“Serve the wretched stick right, at least,” said Scoutbush. “What right had he to marry such a pretty woman?”
“What right had they to marry her up to him?” said Claude. “I don’t blame poor January. I suppose none of us, gentlemen, would have refused such a pretty toy, if we could have afforded it as he could.”
“Whom do you blame then?” asked Elsley.
“Fathers and mothers who prate hypocritically about keeping their daughters’ minds pure; and then abuse a girl’s ignorance, in order to sell her to ruin. Let them keep her mind pure, in heaven’s name; but let them consider themselves all the more bound in honour to use on her behalf the experience in which she must not share.”
“Well,” drawled Scoutbush, “I don’t complain of her bolting; she’s a very sweet creature, and always was: but, as Longreach says — and a very witty fellow he is, though you laugh at him — ‘If she’d kept to us, I shouldn’t have minded: but as Guardsmen, we must throw her over. It’s an insult to the whole Guards, my dear fellow, after refusing two of us, to marry an attorney, and after all to bolt with a plunger.’”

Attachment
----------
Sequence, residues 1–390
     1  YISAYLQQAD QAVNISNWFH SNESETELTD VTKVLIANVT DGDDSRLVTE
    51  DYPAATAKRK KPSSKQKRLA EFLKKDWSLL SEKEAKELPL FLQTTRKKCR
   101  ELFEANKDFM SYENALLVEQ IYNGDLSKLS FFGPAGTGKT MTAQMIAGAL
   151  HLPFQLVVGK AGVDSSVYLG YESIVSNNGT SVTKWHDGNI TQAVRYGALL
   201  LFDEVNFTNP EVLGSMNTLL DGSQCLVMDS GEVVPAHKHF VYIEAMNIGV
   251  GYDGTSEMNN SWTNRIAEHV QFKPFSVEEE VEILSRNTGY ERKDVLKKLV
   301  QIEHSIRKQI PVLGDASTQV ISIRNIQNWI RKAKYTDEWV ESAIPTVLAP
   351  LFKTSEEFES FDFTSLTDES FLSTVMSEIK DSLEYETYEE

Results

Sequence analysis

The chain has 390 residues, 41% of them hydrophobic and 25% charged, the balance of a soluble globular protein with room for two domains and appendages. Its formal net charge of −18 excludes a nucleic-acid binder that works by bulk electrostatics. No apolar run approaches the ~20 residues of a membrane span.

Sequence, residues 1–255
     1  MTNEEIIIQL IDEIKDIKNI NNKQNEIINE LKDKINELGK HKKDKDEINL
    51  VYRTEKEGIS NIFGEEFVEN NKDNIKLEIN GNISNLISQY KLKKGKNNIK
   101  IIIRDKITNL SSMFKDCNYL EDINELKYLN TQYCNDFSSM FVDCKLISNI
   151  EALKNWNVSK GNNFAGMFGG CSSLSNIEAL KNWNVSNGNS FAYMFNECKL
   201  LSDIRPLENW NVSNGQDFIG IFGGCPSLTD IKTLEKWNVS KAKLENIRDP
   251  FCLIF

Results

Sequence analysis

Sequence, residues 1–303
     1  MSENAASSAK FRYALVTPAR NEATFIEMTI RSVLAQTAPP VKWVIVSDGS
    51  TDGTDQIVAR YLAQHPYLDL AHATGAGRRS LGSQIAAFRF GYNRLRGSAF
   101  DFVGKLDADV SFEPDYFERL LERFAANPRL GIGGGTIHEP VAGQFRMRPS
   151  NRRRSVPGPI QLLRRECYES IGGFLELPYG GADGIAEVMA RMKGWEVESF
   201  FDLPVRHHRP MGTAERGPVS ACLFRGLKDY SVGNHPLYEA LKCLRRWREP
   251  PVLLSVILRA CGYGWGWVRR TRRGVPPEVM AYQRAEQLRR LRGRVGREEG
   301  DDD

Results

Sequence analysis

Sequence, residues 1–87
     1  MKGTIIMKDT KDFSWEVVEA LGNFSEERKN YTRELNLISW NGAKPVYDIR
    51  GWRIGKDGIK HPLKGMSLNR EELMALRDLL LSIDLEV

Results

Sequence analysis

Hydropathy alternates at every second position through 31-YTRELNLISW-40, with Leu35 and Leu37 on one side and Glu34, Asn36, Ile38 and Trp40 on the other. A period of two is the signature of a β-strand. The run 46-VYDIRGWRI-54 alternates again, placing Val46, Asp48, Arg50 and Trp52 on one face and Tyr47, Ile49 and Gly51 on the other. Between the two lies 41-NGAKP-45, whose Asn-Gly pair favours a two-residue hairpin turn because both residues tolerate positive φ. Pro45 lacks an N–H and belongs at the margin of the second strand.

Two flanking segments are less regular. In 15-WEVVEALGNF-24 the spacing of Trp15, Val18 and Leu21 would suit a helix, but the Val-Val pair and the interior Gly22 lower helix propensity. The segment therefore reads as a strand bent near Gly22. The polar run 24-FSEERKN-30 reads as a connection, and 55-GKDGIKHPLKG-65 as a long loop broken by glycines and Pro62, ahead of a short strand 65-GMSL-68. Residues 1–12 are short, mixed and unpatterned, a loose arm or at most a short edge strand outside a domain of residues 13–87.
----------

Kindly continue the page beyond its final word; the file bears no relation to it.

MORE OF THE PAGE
What bolting with a plunger might signify, Elsley knew not: but ere he could ask, the Major rejoined, in an abstracted voice —
“God help us all! And this is the girl I recollect, two years ago, singing there in Cavendish Square, as innocent as a nestling thrush!”
“Poor child!” said Mellot, “sold at first — perhaps sold again now. The plunger has bills out, and she has ready money. I know her settlements.”
“She shan’t do it,” said the Major quietly: “I’ll write to her to-night.”
Elsley looked at him keenly. “You think, then, sir, that you can, by simply writing, stop this intrigue?”
The Major did not answer. He was deep in thought.
“I shouldn’t wonder if he did,” said Scoutbush; “two to one on his baulking the plunger!”
“She is at Lord ——‘s now, at those silly private theatricals. Is he there?”
“No,” said Mellot; “he tried hard for an invitation — stooped to work me and Sabina. I believe she told him that she would sooner see him in the Morgue than help him; and he is gone to the moors now, I believe.”
“There is time then: I will write to her to-night;” and Campbell took up his hat and went home to do it.